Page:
Malik warned against a media campaign by the Syrian regime, which seeks to pressure the opposition by claiming the residents were attacked after the town was captured by the Free Syrian Army two weeks ago.

Malik said the regime wanted to create the image of a conflict between "extremists and minorities" in Syria.

"The war in Syria is between the oppressed Syrian people, who want freedom, and the oppressive regime which killed 150,000 people in three years," he said.

Abdel Wahed Estifo, a Christian member of the main opposition group Syrian National Coalition, has said opposition fighters were sensitive in their treatment of the communities in areas where they hold control. 

"The regime of Assad is raining bombs on its people -- Alawites and Sunnis, Muslims and Christians, Arabs and Armenians alike," Estifo said. "The people of Kasab need protection not from the opposition, but from Assad."

Turkey and Syria share more than 800 km of border, and Yayladagi has repeatedly been hit by shells and rockets from the tension in Kasab.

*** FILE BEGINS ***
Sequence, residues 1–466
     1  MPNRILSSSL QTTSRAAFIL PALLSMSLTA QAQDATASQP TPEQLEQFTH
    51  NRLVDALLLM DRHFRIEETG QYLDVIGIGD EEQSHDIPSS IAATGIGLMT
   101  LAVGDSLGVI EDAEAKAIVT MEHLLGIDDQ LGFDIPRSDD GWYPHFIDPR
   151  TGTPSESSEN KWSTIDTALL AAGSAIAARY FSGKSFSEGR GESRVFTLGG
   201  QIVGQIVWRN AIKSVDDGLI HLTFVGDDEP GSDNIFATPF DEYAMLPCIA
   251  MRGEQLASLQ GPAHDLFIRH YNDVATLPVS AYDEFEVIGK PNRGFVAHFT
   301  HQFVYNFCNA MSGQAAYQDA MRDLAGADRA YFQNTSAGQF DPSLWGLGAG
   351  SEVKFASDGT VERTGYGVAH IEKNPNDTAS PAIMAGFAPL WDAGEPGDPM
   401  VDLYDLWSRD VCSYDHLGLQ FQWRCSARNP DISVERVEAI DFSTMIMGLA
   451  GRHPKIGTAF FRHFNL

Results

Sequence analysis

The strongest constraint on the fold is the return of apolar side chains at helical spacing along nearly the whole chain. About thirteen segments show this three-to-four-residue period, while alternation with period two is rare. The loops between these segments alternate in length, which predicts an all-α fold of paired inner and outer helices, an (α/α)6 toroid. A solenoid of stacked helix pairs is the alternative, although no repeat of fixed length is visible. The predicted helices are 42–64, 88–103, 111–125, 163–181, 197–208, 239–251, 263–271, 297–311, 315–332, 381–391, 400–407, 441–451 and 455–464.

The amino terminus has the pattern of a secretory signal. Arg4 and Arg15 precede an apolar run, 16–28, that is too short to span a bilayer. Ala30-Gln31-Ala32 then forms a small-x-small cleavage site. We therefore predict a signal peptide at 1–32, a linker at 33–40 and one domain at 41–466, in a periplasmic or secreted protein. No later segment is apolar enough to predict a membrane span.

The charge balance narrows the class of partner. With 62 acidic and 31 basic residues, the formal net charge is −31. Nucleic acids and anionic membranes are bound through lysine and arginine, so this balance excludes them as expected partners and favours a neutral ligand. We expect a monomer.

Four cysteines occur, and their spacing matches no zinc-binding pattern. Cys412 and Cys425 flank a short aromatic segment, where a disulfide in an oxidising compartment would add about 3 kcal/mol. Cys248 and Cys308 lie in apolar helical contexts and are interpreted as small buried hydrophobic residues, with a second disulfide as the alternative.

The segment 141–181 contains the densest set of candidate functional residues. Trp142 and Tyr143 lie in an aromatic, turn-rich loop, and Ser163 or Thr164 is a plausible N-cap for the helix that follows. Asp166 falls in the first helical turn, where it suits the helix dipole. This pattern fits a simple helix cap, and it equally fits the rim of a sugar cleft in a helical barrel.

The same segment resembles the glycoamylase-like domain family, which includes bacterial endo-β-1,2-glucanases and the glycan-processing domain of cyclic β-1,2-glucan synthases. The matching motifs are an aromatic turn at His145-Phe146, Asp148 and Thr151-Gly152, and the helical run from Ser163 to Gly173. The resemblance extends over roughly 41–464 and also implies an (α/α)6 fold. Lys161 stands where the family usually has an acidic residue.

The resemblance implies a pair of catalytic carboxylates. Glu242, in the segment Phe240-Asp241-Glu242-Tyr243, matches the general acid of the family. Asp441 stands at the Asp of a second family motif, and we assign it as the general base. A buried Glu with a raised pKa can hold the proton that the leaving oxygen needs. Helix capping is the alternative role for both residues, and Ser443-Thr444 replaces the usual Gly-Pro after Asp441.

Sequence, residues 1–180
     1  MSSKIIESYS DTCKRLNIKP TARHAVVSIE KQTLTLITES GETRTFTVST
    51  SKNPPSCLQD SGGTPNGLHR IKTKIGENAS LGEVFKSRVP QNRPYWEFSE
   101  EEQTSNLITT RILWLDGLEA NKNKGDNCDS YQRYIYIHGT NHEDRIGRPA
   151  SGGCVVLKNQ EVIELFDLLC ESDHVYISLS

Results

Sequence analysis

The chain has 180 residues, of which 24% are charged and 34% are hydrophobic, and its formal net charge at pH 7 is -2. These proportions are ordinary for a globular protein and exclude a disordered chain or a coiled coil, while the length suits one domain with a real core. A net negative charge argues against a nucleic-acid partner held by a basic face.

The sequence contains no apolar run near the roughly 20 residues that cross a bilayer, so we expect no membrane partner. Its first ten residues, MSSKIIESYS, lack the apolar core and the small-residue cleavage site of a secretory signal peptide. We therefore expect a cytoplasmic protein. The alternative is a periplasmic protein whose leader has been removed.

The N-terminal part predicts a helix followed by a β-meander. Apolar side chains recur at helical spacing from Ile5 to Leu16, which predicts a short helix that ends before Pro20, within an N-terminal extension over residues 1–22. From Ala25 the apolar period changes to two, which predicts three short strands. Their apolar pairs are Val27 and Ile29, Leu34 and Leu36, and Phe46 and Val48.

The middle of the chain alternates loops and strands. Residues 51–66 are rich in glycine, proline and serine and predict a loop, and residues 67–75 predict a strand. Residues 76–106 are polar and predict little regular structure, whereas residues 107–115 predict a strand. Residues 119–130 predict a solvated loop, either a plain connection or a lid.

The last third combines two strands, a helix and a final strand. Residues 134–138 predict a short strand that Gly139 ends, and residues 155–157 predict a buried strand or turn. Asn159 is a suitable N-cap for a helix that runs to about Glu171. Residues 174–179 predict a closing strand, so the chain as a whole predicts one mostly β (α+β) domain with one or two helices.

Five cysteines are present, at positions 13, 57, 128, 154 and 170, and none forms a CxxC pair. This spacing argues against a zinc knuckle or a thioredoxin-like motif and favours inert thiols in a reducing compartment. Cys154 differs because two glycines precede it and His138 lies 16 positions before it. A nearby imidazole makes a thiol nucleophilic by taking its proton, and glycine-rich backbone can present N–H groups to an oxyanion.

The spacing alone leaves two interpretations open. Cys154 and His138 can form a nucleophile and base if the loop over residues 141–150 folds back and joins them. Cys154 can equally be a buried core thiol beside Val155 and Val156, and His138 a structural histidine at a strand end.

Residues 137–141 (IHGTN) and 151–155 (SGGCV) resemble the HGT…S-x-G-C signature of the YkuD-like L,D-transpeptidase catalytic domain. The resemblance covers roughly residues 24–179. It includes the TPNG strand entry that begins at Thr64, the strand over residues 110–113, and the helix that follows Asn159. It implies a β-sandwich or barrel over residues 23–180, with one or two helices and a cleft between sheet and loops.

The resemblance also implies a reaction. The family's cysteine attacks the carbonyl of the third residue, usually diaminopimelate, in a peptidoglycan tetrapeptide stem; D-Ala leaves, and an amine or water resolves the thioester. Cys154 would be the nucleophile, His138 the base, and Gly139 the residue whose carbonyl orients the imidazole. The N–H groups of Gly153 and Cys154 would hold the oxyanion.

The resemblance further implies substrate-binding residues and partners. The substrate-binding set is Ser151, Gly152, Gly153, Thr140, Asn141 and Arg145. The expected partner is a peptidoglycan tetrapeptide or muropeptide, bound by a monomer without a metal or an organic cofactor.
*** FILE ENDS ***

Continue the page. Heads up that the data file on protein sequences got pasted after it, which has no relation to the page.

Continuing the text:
The Turkish Foreign Ministry has said Turkey had been sheltering around 800,000 Syrians and had now "in accordance with its humanitarian and conscientious responsibility notified the relevant U.N. bodies that Syrian Armenians residing in the Kasab region can be admitted into Turkey too where they will be guaranteed protection."

The Syrian civil war, which has entered its fourth year, has claimed more than 140,000 lives, according to the London-based Syrian Network for Human Rights.

Syria has been gripped by almost constant fighting since President Bashar al-Assad's regime responded to anti-government protests in March 2011 with a violent crackdown, sparking a conflict which has spiralled into a civil war.